Excerpt from Paul Thurrott Windows 8/Windows Phone analysis
Walk through that pretty Windows 8 UI and you'll see a bunch of familiar terminology, assuming you're a Windows Phone junkie like me. Live tiles sitting on a Start screen. A rich Lock screen with notification icons. A Windows Phone–like PIN password option (and an even cooler Picture password). Secondary tiles so that apps can pin "interior" functionality; an email app might let you pin a particular email folder, for example. Integrated search, for files, apps, and information inside apps. Location services. On and on it goes. The line isn't just blurring, it's disappearing.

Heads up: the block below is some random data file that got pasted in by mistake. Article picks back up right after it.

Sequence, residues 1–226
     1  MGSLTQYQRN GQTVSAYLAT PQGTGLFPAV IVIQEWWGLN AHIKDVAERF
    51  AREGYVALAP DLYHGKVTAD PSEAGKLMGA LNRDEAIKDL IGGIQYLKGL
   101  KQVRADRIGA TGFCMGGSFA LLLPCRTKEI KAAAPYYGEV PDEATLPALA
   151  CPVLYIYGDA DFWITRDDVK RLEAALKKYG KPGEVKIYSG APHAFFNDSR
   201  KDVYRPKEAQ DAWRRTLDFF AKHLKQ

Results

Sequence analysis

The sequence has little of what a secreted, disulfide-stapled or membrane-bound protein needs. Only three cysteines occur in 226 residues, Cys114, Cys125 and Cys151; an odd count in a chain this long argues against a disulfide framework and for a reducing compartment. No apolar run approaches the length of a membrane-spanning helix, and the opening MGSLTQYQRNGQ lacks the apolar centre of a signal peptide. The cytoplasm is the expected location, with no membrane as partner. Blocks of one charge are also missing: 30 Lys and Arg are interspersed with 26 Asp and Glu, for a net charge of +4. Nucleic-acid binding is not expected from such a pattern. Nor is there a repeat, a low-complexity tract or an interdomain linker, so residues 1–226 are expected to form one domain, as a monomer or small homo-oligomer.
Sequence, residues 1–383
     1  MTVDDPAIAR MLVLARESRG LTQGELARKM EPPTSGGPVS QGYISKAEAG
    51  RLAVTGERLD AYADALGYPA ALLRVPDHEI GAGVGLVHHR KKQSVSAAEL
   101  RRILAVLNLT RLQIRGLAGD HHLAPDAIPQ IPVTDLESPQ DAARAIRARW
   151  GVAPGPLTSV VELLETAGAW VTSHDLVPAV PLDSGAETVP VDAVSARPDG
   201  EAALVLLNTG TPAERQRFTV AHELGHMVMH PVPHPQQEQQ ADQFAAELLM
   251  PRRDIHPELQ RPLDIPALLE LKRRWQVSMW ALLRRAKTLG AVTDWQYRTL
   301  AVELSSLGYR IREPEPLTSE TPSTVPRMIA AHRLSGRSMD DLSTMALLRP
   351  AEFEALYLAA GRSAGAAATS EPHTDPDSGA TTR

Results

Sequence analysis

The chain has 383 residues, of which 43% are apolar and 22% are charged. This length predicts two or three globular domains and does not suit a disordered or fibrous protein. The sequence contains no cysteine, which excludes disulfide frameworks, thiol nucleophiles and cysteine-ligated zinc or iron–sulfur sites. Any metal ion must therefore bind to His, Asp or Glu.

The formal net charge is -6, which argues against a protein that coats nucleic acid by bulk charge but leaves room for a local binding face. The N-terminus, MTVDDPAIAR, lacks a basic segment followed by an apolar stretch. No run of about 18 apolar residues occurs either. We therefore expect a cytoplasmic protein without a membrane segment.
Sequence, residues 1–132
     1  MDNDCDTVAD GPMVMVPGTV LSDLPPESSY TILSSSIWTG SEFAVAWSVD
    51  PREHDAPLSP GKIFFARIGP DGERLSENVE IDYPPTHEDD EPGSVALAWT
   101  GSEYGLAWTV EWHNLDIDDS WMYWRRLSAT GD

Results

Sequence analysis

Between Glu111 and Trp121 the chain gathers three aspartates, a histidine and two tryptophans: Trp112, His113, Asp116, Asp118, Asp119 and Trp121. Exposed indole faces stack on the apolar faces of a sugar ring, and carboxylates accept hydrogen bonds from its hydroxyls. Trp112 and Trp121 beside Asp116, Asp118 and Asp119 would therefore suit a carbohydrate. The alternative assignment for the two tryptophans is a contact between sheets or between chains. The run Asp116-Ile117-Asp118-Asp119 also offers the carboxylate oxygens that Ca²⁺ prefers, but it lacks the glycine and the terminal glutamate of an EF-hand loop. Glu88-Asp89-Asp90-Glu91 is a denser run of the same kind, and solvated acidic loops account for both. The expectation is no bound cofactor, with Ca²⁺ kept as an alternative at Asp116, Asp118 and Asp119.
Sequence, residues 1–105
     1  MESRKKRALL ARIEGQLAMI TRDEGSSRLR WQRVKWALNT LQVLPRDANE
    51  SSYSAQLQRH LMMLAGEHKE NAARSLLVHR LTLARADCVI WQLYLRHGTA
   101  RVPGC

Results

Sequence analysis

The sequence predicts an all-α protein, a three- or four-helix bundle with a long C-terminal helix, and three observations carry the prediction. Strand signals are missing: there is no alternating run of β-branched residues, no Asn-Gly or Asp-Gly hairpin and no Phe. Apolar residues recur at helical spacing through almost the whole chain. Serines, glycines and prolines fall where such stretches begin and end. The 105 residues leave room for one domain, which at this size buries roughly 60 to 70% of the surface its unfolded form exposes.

Indeed, my sources tell me that the line really is disappearing and that the next major Windows Phone version, due in late 2012, will in fact be based on the Windows 8 code base. (Windows Phone 7.5 should ship sometime very soon and is a minor update to the initial version.) This too will have some interesting ramifications, if true, although I think it's clear that Windows Phone will evolve to pick up some of the improved Windows 8 functionality—better configurable live tiles, for example—regardless.